Thankfully, I have also found time over the past few years to cultivate interests and skills unrelated to Model UN and foreign policy. One of the most important of these has been community service. As a volunteer for Evening With Champions, an annual ice-skating exhibition held to raise money for children with cancer, and as a teacher of a weekly high school class on current events and international affairs, I have, whenever possible, used my time and talents to benefit my community. Another more recent interest of mine is the fascinating realm of business. Two years ago, my father’ s Christmas present to me was a challenge rather than a gift: he gave me $500,but told me that I could keep it only if I invested it in the stock market — - and earned a higher rate of return than he did with another $500. Since then, I have avidly followed the stock market, and become very interested in how businesses interact and respond to strategic threats (perhaps because of the similarities between business competition and the equally cutthroat world of diplomatic realpolitik). A final passion of mine is writing. As the writer of a biweekly column in the Independent, one of Harvard’ s student newspapers, I find very little as satisfying as filling a blank page with words -— creating from nothing an elegant opinion piece that illuminates some quirk of college life, or induces my readers to consider an issue or position that they had ignored until then.
Good writers know that attention to detail is as must. Plus, your professor will expect it. Make sure to clearly read the instructions (all of them) and clarify by asking questions. For example, some common things to look out for include:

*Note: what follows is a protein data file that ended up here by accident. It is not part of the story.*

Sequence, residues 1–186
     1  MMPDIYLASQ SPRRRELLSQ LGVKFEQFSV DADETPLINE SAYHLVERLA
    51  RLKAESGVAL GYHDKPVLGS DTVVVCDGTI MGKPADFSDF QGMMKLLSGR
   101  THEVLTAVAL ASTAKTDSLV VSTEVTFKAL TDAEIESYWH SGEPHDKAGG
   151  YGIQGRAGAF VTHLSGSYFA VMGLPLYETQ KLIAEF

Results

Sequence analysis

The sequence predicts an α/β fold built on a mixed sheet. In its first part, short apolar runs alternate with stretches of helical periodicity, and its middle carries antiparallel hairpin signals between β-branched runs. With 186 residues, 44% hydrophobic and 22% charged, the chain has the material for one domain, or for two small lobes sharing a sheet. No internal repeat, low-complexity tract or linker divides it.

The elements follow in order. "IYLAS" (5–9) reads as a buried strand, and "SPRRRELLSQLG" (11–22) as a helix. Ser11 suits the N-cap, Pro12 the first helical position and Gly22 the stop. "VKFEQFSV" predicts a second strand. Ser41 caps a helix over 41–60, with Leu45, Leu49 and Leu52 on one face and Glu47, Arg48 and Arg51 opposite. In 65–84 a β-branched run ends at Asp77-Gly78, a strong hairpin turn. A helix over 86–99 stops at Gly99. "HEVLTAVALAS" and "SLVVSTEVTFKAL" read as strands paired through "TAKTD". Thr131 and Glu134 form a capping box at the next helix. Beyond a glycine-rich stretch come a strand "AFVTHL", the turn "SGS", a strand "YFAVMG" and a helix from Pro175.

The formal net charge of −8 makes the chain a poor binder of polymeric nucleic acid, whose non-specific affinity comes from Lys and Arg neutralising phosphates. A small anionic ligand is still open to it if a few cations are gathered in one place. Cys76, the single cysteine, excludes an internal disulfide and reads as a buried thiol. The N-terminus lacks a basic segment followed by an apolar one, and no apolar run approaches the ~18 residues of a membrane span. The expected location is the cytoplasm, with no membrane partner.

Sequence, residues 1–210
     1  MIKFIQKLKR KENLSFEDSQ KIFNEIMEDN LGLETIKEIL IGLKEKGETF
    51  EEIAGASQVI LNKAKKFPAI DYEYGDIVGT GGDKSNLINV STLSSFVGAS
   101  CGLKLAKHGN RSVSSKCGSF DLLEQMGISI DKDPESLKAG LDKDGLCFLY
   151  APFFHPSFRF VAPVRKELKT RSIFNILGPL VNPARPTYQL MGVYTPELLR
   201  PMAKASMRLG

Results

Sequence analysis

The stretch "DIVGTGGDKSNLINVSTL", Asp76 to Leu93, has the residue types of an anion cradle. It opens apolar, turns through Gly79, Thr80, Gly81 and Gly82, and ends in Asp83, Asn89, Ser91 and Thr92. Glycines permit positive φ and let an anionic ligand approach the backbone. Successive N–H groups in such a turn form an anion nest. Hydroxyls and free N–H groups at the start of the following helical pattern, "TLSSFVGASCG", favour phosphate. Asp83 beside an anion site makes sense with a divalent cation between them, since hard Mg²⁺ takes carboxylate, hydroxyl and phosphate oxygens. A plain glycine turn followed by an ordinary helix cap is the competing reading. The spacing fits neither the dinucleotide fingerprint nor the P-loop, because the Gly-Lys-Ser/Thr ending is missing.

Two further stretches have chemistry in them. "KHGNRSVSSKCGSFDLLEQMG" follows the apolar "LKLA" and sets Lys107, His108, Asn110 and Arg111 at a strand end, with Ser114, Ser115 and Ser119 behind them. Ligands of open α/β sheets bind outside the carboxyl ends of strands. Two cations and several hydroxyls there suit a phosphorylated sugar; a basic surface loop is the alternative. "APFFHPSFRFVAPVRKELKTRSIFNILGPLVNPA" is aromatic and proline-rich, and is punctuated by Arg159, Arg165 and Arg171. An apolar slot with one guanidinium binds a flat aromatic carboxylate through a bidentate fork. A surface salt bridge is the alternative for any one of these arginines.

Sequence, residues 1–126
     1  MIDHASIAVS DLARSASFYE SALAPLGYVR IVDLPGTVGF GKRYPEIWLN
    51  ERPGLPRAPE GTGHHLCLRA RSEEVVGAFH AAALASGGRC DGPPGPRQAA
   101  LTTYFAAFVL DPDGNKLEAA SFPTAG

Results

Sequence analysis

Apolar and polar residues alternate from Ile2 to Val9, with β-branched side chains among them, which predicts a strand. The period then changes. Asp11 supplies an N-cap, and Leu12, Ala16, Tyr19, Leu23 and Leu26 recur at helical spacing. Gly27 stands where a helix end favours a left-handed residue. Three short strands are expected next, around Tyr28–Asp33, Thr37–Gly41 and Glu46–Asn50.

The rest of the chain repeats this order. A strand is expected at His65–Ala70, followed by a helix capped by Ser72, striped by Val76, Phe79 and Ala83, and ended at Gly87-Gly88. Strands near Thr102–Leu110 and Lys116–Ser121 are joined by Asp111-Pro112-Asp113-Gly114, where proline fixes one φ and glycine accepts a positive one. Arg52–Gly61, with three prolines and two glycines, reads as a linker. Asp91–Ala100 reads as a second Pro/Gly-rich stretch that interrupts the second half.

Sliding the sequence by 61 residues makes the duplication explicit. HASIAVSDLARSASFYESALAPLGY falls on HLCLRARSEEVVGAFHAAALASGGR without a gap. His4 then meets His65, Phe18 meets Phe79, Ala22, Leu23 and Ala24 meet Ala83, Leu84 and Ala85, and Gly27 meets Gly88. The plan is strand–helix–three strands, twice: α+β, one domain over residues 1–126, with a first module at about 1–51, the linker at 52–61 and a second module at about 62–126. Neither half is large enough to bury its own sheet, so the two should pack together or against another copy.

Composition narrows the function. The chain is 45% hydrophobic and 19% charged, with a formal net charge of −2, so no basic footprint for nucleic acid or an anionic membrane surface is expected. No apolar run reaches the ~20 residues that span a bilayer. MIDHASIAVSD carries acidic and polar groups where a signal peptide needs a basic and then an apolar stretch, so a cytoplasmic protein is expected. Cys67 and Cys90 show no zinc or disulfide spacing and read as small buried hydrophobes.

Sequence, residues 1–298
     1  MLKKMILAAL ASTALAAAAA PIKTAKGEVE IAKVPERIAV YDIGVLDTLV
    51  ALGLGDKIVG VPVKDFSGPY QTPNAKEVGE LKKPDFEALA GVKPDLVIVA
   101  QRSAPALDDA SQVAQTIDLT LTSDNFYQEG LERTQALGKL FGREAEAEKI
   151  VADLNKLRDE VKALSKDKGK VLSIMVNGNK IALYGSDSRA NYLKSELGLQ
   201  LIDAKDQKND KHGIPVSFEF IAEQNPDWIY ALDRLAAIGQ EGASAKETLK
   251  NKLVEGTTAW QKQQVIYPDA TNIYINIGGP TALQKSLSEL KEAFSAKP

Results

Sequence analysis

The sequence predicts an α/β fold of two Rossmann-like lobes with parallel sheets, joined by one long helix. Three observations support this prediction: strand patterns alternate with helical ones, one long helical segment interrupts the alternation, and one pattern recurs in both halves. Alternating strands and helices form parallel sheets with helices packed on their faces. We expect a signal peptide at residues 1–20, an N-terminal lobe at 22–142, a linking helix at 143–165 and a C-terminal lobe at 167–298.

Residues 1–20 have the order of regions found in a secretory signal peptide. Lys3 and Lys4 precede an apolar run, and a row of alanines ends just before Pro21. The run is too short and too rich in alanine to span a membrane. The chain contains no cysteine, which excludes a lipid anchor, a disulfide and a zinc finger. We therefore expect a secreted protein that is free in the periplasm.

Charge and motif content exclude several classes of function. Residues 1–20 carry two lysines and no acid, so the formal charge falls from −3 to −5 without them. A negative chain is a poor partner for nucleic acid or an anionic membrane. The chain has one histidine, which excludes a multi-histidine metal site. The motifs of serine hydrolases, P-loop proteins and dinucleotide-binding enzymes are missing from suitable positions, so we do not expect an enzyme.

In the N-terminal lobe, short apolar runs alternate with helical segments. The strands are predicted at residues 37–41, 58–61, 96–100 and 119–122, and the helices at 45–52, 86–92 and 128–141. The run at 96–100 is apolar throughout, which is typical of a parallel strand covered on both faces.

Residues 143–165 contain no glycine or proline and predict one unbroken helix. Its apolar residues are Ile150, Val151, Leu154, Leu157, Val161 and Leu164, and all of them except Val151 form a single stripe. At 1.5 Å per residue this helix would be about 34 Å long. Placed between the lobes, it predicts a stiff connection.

Do focus on an aspect of yourself that will show your best side. You might have overcome some adversity, worked through a difficult project, or profited from a specific incident. A narrow focus is more interesting than broad-based generalizations.
Looking back through the last page or two, I see that I have made it appear as though my motives in writing were wholly public-spirited. I don't want to leave that as the final impression. All writers are vain, selfish, and lazy, and at the very bottom of their motives there lies a mystery. Writing a book is a horrible, exhausting struggle, like a long bout of some painful illness. One would never undertake such a thing if one were not driven on by some demon whom one can neither resist nor understand. For all one knows that demon is simply the same instinct that makes a baby squall for attention. And yet it is also true that one can write nothing readable unless one constantly struggles to efface one's own personality. Good prose is like a windowpane. I cannot say with certainty which of my motives are the strongest, but I know which of them deserve to be followed. And looking back through my work, I see that it is invariably where I lacked a political purpose that I wrote lifeless books and was betrayed into purple passages, sentences without meaning, decorative adjectives and humbug generally.
Sometimes police brutality happens without anyone outside the community knowing about it; it's on the back page of a newspaper, if it makes the newspaper (if the town has a newspaper; increasingly few do). Sometimes, as in the case of Ferguson, it snowballs into something bigger. And when that happens, somehow the nation riles itself up in a paroxysm of outrage for a week or maybe a month, deepening already fathomless left wing/right wing divide, until finally everybody just collectively shrugs and shakes their heads and says, "Terrible thing, terrible thing, nothing can be done, way of the world" and gets on with the mundane daily business of life.